What’s your favorite fartlek workout? Fartleks have been a staple of my training for many years, for several reasons. I find them to be more mentally sustainable than having to “answer to the stopwatch” and hitting the track for all speedwork. This keeps me under control and reading by body’s messages rather than being a slave to time and pace. Fartleks are also outstanding for developing feel and self-awareness, two skills in running that are so often neglected these days with the advances in wrist and handheld technology for tracking data.
I’ve put together a list of some of my favorite fartlek workouts that I use both for myself and for my athletes. With so many races on hold until next year, this is a great time to use fartlek training to continue establishing that foundation not only of fitness but of healthy running for the long term. When you get ready to prep for specific events in the coming months, you’ll be in a much better position to start getting serious about hitting strict times in training. Always remember, we can’t be in peak form 12 months of the year!
Give these a shot and let me know how it goes! If you need a little motivation, here’s some footage of one of the famous Kenyan massive group fartlek sessions
“But I don’t want to slow you down…”
Back in the day when people ran in groups pre-pandemic, I’d sometimes meet a new runner and the conversation would inevitably drift toward “we should run together sometime.” This was usually followed by the other person backtracking by saying “yeahhhh, but I don’t want to slow you down.” Then usually I’d try to convince them that we could always do an easy run together, it doesn’t have to be fast.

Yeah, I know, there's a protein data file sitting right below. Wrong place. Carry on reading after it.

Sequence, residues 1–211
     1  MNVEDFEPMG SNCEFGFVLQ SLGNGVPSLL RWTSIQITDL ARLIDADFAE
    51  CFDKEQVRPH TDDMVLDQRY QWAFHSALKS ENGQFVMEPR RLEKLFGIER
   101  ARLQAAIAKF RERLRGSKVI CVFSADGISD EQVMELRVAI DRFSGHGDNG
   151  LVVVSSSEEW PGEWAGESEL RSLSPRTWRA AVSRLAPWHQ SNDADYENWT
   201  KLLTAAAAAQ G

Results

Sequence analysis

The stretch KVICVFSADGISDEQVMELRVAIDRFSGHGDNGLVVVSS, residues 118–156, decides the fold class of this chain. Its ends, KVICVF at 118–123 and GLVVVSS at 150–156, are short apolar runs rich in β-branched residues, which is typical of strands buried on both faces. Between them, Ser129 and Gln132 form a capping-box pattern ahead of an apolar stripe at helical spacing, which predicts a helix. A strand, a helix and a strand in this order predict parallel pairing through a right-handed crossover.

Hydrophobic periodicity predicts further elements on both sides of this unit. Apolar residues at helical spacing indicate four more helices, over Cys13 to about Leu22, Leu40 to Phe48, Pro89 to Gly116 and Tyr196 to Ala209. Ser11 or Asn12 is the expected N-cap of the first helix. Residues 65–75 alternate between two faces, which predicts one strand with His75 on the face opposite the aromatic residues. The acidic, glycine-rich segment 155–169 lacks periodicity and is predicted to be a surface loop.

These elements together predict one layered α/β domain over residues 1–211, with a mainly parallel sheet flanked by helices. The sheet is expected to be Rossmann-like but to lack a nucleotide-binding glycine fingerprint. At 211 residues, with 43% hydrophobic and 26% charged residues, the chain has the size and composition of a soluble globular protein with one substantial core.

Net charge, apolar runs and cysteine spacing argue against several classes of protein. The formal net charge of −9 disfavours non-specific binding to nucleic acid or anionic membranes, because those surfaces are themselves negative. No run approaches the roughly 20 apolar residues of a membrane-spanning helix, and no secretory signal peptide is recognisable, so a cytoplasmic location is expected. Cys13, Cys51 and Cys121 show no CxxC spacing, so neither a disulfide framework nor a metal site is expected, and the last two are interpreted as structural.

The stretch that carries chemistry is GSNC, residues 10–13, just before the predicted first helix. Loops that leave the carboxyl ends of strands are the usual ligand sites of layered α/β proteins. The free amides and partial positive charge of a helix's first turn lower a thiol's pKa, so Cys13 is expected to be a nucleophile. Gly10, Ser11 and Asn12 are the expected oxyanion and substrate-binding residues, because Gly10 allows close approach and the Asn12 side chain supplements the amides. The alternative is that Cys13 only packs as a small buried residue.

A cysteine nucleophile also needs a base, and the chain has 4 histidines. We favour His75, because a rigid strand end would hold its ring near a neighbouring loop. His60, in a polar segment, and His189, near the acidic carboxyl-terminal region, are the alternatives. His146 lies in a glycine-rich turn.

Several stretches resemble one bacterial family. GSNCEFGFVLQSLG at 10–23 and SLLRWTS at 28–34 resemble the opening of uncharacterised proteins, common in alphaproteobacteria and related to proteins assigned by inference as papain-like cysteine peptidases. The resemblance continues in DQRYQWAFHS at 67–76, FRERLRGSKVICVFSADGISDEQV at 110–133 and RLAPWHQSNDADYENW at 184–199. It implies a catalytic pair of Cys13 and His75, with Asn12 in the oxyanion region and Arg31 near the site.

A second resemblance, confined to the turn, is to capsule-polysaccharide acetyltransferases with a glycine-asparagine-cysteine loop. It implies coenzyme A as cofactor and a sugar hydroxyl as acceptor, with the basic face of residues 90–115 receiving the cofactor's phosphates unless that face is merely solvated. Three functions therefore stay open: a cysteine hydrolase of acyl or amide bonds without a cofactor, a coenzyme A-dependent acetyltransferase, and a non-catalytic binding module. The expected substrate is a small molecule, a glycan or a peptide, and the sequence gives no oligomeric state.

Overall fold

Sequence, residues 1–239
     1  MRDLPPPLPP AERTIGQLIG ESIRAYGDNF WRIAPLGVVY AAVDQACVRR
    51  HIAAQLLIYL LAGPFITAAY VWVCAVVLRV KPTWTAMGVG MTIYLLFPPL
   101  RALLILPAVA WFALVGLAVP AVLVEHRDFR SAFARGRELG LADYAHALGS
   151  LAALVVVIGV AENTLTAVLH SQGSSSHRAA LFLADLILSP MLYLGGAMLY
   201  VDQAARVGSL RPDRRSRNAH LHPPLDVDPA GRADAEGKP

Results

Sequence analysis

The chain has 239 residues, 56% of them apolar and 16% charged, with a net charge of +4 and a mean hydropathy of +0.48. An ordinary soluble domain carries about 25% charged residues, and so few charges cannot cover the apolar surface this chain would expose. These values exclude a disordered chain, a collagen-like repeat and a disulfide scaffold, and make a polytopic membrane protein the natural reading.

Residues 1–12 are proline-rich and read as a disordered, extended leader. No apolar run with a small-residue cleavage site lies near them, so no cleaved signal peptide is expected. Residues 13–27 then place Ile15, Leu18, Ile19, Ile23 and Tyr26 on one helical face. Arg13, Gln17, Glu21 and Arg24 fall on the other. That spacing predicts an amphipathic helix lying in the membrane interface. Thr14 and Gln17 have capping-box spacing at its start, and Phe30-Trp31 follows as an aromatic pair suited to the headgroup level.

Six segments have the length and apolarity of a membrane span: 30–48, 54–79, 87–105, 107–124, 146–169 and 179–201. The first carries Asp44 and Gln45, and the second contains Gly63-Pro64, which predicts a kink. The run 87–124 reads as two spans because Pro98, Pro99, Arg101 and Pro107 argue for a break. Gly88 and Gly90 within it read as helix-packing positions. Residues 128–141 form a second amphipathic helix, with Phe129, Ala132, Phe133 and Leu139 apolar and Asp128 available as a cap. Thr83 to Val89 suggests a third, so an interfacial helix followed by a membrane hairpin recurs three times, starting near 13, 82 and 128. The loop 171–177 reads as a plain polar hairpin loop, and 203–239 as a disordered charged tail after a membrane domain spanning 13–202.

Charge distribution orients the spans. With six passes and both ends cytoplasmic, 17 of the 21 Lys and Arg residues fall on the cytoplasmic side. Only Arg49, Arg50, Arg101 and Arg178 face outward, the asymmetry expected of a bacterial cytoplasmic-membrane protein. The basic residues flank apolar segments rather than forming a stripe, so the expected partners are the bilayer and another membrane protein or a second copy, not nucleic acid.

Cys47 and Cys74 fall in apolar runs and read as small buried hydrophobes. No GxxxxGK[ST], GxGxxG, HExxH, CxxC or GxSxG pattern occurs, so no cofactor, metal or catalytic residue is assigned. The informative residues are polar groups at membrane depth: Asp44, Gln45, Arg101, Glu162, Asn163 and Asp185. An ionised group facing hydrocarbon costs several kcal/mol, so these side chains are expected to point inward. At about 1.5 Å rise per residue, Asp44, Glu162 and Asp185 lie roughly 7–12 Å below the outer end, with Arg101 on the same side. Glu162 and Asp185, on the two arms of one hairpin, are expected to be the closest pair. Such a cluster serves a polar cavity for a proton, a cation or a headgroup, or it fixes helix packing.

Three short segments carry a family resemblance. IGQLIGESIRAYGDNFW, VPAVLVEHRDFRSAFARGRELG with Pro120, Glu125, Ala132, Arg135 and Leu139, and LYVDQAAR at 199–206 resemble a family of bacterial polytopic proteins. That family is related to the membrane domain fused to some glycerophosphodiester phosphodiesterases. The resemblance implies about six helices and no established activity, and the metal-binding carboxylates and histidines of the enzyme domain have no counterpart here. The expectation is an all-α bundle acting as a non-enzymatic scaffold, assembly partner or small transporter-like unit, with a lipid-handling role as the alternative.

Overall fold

At first glance, you might think that running with people your exact speed would be ideal. The answer, like many things, is IT DEPENDS! In my experience, you can benefit from running with different types of runners…faster, slower and equal!
If running with people slower than you…Let the slower runner go at their normal pace and just tag along. This forces you to keep an easy day easy! I’ve used this on many occasions and it often results in enjoyable runs. You can also do fartlek runs where the faster runner circles back during the recovery jogs and both runners start the rep simultaneously. It’s the best of both worlds, as each runner does their own workout at their own pace, but starting each rep together avoids the isolation of a solo workout.
Allan Phillips, PT, DPT is owner of Ventana Physiotherapy